Atraumatic osteonecrosis of the distal radius and ulna: Case series and review

D. Alex Stroh, Dawn M. Laporte, David A. Marker, Aaron J. Johnson, Michael A. Mont

Research output: Contribution to journalArticlepeer-review

9 Scopus citations


Atraumatic multifocal osteonecrosis is defined as the occurrence of atraumatic osteonecrosis in 3 or more anatomic locations, and it is rare. We identified 6 patients with osteonecrotic lesions in the distal ulna, radius, or both. The purposes of this study were to describe the clinical manifestations of atraumatic multifocal osteonecrosis affecting these bones, to identify risk factors for developing the disease in these locations, and to evaluate the success of treatment by percutaneous drilling. A total of 10 wrists in 6 women with a mean age of 41 years had symptomatic osteonecrosis. Patients were treated by percutaneous drilling after they had failed nonoperative modalities. Clinical evaluation included preoperative and postoperative Michigan Hand Questionnaire scores plain radiographs, and MRI evaluations were performed to characterize the disease. The incidence of risk factors was recorded. There was disease occurrence in the radius in all 10 wrists and in the ulnas of 4 wrists. All patients presented with symptomatic osteonecrosis of the large joints (primarily knee or hip), presumably secondary to corticosteroid use. These patients later developed symptomatic pain in the distal ulna, radius, or both that impaired daily activities. Other risk factors included alcohol or tobacco use, blood dyscrasias, and systemic lupus erythematosus. Treatment consisted of percutaneous drilling of the distal radius (and ulna when affected). One patient required additional bilateral drillings and had further improvement in her Michigan Hand Questionnaire scores. At a mean follow up of 35 months, there was no disease progression as evident radiographically. The distal radius and ulna are rare sites of osteonecrosis associated with multifocal disease. The clinical presentation and risk factors are similar to osteonecrosis in the large joints. Magnetic resonance imaging identifies necrotic lesions. The present study suggests that disease in these sites can be safely and effectively treated with percutaneous drilling. Therapeutic IV.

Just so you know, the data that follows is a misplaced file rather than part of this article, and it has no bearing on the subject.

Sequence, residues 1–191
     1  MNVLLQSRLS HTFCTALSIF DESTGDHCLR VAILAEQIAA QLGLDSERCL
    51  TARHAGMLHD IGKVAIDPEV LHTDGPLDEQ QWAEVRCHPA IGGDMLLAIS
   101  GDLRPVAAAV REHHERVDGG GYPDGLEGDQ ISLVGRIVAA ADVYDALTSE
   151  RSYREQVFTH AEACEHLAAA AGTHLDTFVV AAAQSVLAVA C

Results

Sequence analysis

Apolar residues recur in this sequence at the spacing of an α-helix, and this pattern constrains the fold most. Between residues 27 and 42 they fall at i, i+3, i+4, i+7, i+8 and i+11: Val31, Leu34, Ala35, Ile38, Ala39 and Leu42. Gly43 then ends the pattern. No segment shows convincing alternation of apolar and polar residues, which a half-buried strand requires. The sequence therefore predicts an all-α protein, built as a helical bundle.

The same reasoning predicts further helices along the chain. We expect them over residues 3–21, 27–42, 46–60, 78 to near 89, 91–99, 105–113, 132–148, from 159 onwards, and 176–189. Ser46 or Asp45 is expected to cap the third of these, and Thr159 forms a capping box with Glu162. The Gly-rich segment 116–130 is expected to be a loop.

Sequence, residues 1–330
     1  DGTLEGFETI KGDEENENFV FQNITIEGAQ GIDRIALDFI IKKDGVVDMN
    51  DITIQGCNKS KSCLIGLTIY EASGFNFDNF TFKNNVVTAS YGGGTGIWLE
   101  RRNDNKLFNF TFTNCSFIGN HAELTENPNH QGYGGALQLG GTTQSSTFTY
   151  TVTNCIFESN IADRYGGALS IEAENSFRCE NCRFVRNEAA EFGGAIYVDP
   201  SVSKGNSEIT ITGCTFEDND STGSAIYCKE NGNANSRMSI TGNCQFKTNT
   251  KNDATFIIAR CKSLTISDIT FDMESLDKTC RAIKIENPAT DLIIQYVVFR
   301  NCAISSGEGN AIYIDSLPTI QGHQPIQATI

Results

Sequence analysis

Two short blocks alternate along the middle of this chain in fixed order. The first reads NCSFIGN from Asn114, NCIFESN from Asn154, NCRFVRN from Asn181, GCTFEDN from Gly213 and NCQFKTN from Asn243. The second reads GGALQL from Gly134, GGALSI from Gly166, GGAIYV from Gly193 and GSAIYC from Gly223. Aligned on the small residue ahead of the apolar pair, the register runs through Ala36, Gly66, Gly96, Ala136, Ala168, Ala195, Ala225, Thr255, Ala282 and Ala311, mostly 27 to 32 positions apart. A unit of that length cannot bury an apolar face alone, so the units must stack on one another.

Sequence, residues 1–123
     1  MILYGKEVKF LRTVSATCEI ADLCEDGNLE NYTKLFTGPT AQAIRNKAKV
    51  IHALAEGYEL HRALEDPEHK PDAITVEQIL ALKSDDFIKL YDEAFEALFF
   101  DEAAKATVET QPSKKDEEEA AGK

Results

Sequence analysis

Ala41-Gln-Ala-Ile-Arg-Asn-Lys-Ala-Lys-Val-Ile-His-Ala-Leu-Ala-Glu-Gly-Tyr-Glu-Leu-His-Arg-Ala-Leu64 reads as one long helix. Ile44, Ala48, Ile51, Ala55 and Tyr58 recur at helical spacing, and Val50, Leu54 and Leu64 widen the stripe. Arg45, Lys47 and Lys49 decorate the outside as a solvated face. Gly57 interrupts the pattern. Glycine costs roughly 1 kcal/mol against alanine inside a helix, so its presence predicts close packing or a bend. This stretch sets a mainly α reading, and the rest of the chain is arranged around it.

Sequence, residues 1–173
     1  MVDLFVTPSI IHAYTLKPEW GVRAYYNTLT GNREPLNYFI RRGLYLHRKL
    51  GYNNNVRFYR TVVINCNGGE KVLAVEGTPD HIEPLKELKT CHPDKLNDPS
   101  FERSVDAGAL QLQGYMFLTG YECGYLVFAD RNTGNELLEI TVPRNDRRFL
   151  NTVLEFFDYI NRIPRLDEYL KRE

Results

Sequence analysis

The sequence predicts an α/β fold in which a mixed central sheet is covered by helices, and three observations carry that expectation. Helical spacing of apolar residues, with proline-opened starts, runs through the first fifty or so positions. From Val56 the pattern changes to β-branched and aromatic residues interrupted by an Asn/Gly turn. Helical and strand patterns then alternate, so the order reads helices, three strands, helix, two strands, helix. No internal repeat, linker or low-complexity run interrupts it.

Original languageEnglish (US)
Pages (from-to)134-141
Number of pages8
JournalJournal of Hand Surgery
Issue number1
StatePublished - Jan 1 2012


  • Avascular necrosis
  • core decompression
  • distal radius
  • multifocal osteonecrosis
  • osteonecrosis

ASJC Scopus subject areas

  • Surgery
  • Orthopedics and Sports Medicine


Dive into the research topics of 'Atraumatic osteonecrosis of the distal radius and ulna: Case series and review'. Together they form a unique fingerprint.

Cite this